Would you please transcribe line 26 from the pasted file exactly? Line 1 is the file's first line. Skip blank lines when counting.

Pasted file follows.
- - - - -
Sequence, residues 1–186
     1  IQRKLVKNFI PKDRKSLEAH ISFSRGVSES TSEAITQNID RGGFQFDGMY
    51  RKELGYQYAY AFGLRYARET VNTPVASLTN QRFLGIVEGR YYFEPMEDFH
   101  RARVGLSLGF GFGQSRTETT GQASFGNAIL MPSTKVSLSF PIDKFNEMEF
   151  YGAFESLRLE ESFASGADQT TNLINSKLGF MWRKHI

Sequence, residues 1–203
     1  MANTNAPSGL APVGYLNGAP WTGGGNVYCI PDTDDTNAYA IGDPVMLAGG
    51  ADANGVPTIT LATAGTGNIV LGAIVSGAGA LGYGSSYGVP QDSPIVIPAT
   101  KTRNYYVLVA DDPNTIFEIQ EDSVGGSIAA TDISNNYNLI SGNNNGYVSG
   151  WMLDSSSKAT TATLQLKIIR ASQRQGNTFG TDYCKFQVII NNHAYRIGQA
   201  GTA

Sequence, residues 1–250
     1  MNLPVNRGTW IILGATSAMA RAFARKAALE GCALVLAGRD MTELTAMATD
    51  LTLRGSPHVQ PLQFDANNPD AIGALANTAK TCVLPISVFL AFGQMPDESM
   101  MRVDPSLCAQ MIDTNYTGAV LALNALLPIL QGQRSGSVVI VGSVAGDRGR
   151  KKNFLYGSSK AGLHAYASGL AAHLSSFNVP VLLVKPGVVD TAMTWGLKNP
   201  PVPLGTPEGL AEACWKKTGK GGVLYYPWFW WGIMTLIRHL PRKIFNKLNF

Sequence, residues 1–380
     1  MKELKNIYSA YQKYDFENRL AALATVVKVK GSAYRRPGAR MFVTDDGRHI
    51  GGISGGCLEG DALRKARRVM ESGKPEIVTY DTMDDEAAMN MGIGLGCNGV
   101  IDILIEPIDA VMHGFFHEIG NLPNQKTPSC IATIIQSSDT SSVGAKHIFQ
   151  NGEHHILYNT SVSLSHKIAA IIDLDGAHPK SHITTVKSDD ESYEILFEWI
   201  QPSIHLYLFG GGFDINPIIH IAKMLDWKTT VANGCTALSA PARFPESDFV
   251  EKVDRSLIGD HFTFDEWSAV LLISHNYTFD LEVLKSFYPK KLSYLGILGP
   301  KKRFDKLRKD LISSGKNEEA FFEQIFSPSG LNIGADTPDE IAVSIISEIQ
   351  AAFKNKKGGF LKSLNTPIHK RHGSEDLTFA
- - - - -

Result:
   351  AAFKNKKGGF LKSLNTPIHK RHGSEDLTFA